When it comes to advertising, it’s difficult to know whether the content is reflecting society or shaping it. In many ways, I think it is a delicate balance of both. A Tide commercial which many of you may have already seen has caught my attention time and again.
I’ll admit that I’m partly drawn to this commercial because my husband does most of the laundry. As a toddler, my daughter was very messy. She took pride in telling others, “Don’t worry, my Daddy will wash it.” As feminist parents, we both took pride in the disruption this simple comment lead to in most people’s assumptions about how our family divided tasks.
The very first lessons young children learn about sexuality have to do with how we treat our bodies and what gender means, or more precisely how gender shapes our world and their participation in it! We shape a child’s gender identity (how they understand aspects of themselves – traits and behaviors – as masculine and feminine) by the name and clothes we choose, the way we talk to the baby, maybe even the way we hold and cuddle the baby. This simple distinction begins crafting a child’s sexuality before she or he can even talk or walk.
Gender identity is often based on the socially constructed gender roles that a society has already predetermined. Somewhere along the line, kids often become the worst gender police. Because gender is often the basis for bullying and discrimination, an integral part of sexuality education is helping children understand and negotiate gender. Learning to navigate what society expects of gender is different than requiring compliance with it. At an early age, some parents limit children’s interests and creativity by allowing sex and gender to determine the clothes they can wear or the activities they do. While I do not think a child’s gender should determine what they can or cannot do, telling children that gender doesn’t matter and that they can do whatever they please is a very confusing statement to a child (if not a lie).
Gender does matter. There is still great inequality in our world based on the sex and gender of people. Children learn that differences exist across genders quite readily. The question is do grown-ups reinforce the gender stereotypes or do they support gender equity. That’s why I love the Tide commercial. Every other laundry commercial I have ever seen (and I’m sure that add up to hours of my life) features women, mostly white, middle class moms. Now, this commercial doesn’t disrupt the racial or economic stereotypes, but it suggest that men—men with young children, daughters even—do the laundry and engage in imaginary play with their daughters.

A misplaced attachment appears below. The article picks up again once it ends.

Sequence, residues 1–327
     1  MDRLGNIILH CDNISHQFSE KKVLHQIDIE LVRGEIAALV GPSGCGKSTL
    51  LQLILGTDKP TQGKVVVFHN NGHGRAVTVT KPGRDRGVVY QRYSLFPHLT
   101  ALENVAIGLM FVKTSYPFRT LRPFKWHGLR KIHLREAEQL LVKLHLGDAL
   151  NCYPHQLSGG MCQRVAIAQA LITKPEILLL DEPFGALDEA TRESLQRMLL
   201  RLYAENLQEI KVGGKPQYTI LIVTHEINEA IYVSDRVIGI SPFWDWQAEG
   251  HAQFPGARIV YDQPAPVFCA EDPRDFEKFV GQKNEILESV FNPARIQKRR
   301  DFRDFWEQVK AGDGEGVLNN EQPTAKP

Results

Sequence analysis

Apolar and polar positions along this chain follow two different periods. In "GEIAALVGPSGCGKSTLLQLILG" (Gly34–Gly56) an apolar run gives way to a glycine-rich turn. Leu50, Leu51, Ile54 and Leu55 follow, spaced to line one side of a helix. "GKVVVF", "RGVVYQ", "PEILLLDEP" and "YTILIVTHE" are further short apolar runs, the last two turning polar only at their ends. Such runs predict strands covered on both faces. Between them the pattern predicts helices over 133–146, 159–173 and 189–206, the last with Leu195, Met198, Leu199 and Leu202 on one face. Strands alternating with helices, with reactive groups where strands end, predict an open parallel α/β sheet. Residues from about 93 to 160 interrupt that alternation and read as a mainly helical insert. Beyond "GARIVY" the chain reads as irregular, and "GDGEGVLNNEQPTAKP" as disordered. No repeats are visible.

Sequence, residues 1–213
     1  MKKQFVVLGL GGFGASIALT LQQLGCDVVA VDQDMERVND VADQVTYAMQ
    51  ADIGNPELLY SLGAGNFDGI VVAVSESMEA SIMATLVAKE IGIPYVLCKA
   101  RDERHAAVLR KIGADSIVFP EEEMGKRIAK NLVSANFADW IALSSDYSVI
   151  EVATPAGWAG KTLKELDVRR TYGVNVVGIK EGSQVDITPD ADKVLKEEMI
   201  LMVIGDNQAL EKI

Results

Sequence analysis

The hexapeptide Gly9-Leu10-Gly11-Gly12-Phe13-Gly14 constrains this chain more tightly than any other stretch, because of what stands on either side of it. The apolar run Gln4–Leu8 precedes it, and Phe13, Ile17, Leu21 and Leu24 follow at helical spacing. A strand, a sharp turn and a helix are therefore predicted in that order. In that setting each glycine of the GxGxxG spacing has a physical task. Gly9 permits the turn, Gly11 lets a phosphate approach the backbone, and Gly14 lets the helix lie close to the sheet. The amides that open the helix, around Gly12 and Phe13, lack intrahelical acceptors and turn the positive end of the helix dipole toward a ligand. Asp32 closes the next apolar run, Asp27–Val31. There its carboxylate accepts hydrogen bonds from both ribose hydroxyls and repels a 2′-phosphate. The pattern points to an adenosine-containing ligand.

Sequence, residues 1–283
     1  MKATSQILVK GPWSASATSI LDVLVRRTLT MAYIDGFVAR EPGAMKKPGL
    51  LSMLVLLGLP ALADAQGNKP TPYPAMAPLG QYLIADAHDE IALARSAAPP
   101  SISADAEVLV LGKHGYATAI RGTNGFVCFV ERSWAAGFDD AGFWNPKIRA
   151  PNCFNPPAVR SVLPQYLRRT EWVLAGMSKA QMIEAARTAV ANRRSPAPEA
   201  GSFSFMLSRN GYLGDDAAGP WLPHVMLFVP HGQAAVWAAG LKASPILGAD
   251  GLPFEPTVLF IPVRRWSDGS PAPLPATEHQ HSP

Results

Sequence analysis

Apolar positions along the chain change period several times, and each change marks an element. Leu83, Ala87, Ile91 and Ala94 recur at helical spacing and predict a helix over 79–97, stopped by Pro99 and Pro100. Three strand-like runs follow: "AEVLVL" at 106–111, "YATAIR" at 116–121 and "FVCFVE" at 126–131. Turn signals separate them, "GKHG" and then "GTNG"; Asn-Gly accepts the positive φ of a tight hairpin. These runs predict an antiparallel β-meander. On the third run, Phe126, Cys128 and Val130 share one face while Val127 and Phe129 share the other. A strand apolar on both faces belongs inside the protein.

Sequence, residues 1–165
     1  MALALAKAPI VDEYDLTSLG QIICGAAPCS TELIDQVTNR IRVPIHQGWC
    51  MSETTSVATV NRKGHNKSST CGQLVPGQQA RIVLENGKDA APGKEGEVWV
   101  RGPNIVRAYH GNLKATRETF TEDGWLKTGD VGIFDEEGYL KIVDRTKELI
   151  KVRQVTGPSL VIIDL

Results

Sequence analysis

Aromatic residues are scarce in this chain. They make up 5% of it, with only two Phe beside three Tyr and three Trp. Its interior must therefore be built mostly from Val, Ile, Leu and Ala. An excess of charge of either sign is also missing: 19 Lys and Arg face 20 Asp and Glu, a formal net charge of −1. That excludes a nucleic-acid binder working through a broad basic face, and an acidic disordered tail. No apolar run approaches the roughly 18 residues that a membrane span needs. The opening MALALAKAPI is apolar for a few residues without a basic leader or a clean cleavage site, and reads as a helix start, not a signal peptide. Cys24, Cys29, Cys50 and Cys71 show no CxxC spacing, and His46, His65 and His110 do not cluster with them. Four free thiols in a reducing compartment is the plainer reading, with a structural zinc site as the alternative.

My husband and I did not determine household duties by who was male and who was female. We talked through who had which strengths, skills, and desires for different activities. We can both mow a lawn. But my spouse loves to green up a yard, pull weeds, and mulch. I have no interest in growing something you can’t eat; so I garden. My spouse is also very organized about grocery shopping and stocking the fridge. I, on the other hand, enjoy cooking. I also like to buy presents and write thank you notes. So I keep track of the birthday parties and the gifts received. We share the parental duties of childcare equally, including homework, bedtime, morning routines, and so on.
These are small examples—some correspond to our assigned cultural gender roles, but they were not chosen because of them. We are also not rigid about who has to do them. In fact, we consciously talk about these decisions in front of our children. Confronting, negotiating, and engaging gender is an on-going process, not a single moment. If we want young girls and boys to feel valued for who God created them to be, not what society says their gender requires of them, then we need a whole lot more Tide commercials AND everyday conversation in our families that promote gender equality.